Document Detail


The association between meconium and the production and reabsorption of lung liquid and lactate loss by in vitro lungs from fetal guinea pigs.
MedLine Citation:
PMID:  10920338     Owner:  NLM     Status:  MEDLINE    
Abstract/OtherAbstract:
OBJECTIVE: We sought to use an in vitro approach to determine relationships between meconium and fetal lung liquid production and to relate meconium to possible problems in lung liquid removal at birth. STUDY DESIGN: Near-term fetal guinea pigs were divided according to the level of spontaneously occurring meconium (no meconium, light meconium, or heavy meconium). Their lungs were maintained in vitro in Krebs-Henseleit saline solution for 3 hours. Lung liquid production or reabsorption was measured by a dye-dilution method, and loss of lactate to the lung liquid and outer Krebs-Henseleit solution was monitored. Reabsorptions were investigated by activating powerful responses with dinitrophenol during the middle hour. RESULTS: During the first hour, lungs from meconium-free fetuses produced liquid at 1.25 +/- 0.12 mL/kg(-1) body weight. h(-1); rates from light or heavy meconium groups were not significantly different (n = 18). Similarly, total lactate loss was not significantly different between the meconium-free and light-meconium groups but was twice as high in heavy-meconium preparations (73.68 +/- 10.60 micromol/L. g(-1) dry lung tissue. h(-1); P <.025, analysis of variance). The meconium-free and heavy-meconium groups continued to produce fluid, with no significant change throughout the 3 hours of incubation; lactate losses fell slightly. Therefore there were no problems with fluid production with meconium present, but the high-lactate losses with heavy meconium suggested long-term intrauterine hypoxia. Dinitrophenol produced powerful reabsorptions in lungs from meconium-free fetuses (-0.85 +/- 0.35 mL. kg(-1) body weight. h(-1); P <.005, analysis of variance; P <.0005, regression analysis) but failed to do so in heavy-meconium fetuses (n = 36). Lactate losses rose 2-fold in both groups (P <.005 to P < 0.0005, analysis of variance and regression analysis), despite already elevated losses with heavy meconium (n = 12). Therefore, in heavy-meconium fetuses, dinitrophenol affected metabolic pathways but did not activate fluid reabsorption, suggesting damage to reabsorptive mechanisms. CONCLUSION: Unless major airways are blocked, meconium is not associated with reduced fetal lung liquid production, which can cause poor lung development, but there may well be poor fluid removal after birth because of compromised reabsorptive mechanisms, which are unlikely to be helped by possible hormonal intervention.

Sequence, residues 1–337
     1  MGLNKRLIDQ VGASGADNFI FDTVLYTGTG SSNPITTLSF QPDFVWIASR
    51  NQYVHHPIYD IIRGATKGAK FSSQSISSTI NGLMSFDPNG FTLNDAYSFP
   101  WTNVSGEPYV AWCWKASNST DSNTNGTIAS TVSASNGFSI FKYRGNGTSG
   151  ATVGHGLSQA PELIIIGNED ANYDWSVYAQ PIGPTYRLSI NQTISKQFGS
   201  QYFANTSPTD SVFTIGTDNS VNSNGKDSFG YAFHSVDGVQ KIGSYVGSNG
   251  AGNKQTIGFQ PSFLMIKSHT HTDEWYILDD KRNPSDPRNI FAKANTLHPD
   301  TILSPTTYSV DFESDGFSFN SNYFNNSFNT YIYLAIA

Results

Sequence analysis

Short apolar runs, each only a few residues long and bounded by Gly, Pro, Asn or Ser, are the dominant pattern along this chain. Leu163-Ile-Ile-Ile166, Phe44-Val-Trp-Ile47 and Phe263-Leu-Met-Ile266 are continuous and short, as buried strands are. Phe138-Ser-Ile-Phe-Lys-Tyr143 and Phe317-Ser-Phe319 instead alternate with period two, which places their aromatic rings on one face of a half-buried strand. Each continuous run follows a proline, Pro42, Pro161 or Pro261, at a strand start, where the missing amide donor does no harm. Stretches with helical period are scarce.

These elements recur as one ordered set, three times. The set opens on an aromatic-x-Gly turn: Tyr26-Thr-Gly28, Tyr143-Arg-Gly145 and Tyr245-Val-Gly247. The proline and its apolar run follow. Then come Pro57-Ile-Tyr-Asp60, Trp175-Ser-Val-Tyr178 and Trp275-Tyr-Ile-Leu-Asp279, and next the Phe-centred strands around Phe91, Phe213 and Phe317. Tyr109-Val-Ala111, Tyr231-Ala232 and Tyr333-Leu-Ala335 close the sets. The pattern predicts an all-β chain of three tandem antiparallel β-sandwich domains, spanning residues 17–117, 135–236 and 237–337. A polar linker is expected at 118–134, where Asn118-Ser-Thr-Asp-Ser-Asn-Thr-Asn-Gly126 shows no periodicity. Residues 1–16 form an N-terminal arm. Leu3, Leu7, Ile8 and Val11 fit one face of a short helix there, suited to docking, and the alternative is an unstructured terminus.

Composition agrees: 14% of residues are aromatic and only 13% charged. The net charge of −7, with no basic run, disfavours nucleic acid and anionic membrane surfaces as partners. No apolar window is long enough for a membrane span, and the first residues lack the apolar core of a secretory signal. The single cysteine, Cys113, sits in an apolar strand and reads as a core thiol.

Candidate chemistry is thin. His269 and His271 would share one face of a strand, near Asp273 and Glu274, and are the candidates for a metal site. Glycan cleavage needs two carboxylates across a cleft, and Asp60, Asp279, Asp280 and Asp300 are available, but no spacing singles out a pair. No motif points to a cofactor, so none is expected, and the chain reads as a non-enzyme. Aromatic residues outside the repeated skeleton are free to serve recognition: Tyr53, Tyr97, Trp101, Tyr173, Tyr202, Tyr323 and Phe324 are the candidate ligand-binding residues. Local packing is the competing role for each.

Authors:
B A Chua; L Chan; P M Kindler; A M Perks
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Publication Detail:
Type:  In Vitro; Journal Article; Research Support, Non-U.S. Gov't    
Journal Detail:
Title:  American journal of obstetrics and gynecology     Volume:  183     ISSN:  0002-9378     ISO Abbreviation:  Am. J. Obstet. Gynecol.     Publication Date:  2000 Jul 
Date Detail:
Created Date:  2000-08-24     Completed Date:  2000-08-24     Revised Date:  2006-11-15    
Medline Journal Info:
Nlm Unique ID:  0370476     Medline TA:  Am J Obstet Gynecol     Country:  UNITED STATES    
Other Details:
Languages:  eng     Pagination:  235-44     Citation Subset:  AIM; IM    
Affiliation:
Departments of Obstetrics and Gynecology and Zoology, University of British Columbia, Vancouver, Canada.
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MeSH Terms
Descriptor/Qualifier:
Absorption
Animals
Body Fluids / physiology*
Dinitrophenols / pharmacology
Female
Fetal Hypoxia / diagnosis
Guinea Pigs
Kinetics
Lactic Acid / blood*
Lung / drug effects,  embryology*,  physiology*
Meconium*
Pregnancy
Regression Analysis
Chemical
Reg. No./Substance:
0/Dinitrophenols; 50-21-5/Lactic Acid

From MEDLINE®/PubMed®, a database of the U.S. National Library of Medicine


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